Dozens of gatherings dubbed “atheist mega-churches” by supporters and detractors are springing up around the U.S. after finding success in Great Britain earlier this year. The movement fueled by social media and spearheaded by two prominent British comedians is no joke.
On Sunday, the inaugural Sunday Assembly in Los Angeles attracted more than 400 attendees, all bound by their belief in non-belief. Similar gatherings in San Diego, Nashville, New York and other U.S. cities have drawn hundreds of atheists seeking the camaraderie of a congregation without religion or ritual.
“The true formula of atheism is not God is dead - even by basing the origin of the function of the father upon his murder, Freud protects the father - the true formula of atheism is God is unconscious.
In order to properly understand this passage, one has to read it together with another thesis of Lacan. These two dispersed statements should be treated as the pieces of a puzzle to be combined into one coherent proposition. It is only their interconnection (plus the reference to the Freudian dream of the father who doesn’t know that he is dead) that enables us to deploy Lacan’s basic thesis in its entirety:As you know, the father Karamazov’s son Ivan leads the latter into those audacious avenues taken by the thought of the cultivated man, and in particular, he says, if God doesn’t exist… - If God doesn’t exist, the father says, then everything is permitted. Quite evidently, a naïve notion, for we analysts know full well that if God doesn’t exist, then nothing at all is permitted any longer. Neurotics prove that to us every day.
The modern atheist thinks he knows that God is dead; what he doesn’t know is that, unconsciously, he continues to believe in God. What characterizes modernity is no longer the standard figure of the believer who secretly harbors intimate doubts about his belief and engages in transgressive fantasies; today, we have, on the contrary, a subject who presents himself as a tolerant hedonist dedicated to the pursuit of happiness, and whose unconscious is the site of prohibitions: what is repressed are not illicit desires or pleasures, but prohibitions themselves. “If God doesn’t exist, then everything is prohibited” means that the more you perceive yourself as an atheist, the more your unconscious is dominated by prohibitions which sabotage your enjoyment. (One should not forget to supplement this thesis with its opposite: if God exists, then everything is permitted - is this not the most succinct definition of the religious fundamentalist’s predicament? For him, God fully exists, he perceives himself as His instrument, which is why he can do whatever he wants, his acts are in advance redeemed, since they express the divine will…)”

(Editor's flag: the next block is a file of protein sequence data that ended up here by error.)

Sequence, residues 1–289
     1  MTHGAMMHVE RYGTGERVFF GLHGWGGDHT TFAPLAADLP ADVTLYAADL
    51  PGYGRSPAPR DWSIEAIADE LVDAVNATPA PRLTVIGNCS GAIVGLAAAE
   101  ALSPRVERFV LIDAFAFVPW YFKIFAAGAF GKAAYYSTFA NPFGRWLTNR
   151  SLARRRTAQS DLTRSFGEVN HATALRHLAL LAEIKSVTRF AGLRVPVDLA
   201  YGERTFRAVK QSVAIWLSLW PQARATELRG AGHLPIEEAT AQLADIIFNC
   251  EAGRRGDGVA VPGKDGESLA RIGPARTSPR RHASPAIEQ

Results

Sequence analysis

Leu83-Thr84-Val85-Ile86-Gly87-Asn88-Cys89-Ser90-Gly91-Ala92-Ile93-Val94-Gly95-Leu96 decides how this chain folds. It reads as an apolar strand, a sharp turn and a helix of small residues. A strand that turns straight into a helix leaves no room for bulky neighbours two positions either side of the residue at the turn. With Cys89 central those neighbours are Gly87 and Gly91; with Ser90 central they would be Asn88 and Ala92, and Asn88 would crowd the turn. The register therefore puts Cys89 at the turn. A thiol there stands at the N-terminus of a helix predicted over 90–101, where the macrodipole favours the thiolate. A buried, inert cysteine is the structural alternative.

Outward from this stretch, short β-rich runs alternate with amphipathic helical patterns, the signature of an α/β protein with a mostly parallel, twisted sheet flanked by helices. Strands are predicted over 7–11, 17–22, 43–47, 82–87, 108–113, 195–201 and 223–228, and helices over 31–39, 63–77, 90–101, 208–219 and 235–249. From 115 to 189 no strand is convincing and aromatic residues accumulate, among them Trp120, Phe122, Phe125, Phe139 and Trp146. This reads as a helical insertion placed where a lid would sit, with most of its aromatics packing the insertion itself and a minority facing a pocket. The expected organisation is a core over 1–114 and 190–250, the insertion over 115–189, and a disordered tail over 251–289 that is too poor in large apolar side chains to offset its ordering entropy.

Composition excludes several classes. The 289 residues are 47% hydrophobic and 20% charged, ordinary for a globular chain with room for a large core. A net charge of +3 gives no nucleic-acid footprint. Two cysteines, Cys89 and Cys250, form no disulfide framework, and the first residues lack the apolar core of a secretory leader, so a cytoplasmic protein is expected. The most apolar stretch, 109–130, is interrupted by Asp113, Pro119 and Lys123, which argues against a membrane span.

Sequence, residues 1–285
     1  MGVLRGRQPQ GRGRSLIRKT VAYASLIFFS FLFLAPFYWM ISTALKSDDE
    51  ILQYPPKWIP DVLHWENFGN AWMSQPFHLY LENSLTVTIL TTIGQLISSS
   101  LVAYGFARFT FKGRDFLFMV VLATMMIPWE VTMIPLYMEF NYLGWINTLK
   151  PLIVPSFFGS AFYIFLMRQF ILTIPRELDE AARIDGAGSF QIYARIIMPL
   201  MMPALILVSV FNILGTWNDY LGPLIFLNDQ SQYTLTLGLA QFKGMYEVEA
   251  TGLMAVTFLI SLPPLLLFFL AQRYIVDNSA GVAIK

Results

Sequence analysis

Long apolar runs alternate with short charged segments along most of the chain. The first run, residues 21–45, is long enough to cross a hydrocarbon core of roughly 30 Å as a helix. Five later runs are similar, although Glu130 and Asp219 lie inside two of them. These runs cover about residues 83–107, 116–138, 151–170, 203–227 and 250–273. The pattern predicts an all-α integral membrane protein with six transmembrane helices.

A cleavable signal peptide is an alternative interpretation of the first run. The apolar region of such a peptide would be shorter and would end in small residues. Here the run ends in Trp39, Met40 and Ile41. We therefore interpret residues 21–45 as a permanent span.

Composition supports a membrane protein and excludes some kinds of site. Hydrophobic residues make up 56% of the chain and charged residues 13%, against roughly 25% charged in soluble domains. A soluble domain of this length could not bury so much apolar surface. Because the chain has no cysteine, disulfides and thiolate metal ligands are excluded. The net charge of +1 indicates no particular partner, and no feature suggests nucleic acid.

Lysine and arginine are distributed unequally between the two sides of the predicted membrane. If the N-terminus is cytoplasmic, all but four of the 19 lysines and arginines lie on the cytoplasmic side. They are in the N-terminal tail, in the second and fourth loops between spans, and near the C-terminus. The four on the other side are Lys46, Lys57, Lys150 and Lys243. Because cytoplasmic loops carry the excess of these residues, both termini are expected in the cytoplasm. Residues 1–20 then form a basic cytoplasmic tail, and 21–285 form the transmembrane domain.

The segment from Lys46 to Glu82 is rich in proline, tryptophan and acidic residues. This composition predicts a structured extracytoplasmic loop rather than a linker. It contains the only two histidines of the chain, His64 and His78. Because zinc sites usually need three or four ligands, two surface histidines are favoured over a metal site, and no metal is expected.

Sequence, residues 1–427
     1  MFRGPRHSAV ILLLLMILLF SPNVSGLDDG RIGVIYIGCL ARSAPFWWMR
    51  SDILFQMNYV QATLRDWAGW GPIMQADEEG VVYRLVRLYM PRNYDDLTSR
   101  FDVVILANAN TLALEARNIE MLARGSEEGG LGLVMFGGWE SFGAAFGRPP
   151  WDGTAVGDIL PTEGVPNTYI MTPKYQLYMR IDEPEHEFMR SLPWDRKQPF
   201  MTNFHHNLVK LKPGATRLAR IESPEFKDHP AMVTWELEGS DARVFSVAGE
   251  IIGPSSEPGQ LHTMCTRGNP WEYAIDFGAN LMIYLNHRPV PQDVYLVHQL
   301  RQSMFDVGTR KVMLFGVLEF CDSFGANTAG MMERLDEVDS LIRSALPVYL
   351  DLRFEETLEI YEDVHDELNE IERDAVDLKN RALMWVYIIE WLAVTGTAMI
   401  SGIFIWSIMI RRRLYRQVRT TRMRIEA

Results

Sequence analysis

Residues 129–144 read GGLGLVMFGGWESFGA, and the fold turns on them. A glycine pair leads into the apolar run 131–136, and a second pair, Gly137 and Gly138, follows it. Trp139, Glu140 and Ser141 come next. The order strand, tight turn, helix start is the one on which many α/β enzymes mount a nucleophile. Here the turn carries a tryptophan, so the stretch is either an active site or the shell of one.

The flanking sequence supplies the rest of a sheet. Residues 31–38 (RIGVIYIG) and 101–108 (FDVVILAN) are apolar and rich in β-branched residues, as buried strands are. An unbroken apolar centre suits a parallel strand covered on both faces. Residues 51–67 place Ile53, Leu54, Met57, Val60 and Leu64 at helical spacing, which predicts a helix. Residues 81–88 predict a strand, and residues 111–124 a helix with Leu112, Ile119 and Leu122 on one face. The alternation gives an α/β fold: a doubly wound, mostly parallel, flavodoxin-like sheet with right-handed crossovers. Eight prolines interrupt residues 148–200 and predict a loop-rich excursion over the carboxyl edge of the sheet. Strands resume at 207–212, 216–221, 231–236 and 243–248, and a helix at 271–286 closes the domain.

The rhetorical point of departure for civ. is clear and famous (retr. 2.43): ‘Interea Roma Gothorum irruptione agentium sub rege Alarico atque impetu magnae cladis eversa est. Cuius eversionem deorum falsorum multorumque cultores, quos usitato nomine paganos vocamus, in christianam religionem referre conantes, solito acerbius et amarius Deum verum blasphemare coeperunt. Unde ego exardescens zelo domus Dei adversus eorum blasphemias vel errores libros de civitate Dei scribere institui.’ But A.’s rhetorical strategy should not be allowed to obscure the sequence of events that led up to the work.
On 24 August 410 the Visigoths under Alaric entered Rome, remaining to plunder for a few days. The event is of modest importance among the military disasters of the late empire, but it was too obvious a symbol to be viewed by contemporaries with any balanced perspective. Jerome’s disproportionate exclamations of grief (his epp. 123, 127, 130, etc.) are perhaps more famous than they deserve to be; other immediate reactions are lacking. Our main historical sources for the events all date from after years, when the events of that week had become the substance of polemic. How severe the calamity really was cannot be said with certainty. It is safe to infer that there was death and destruction, fire and plunder, and other injuries besides.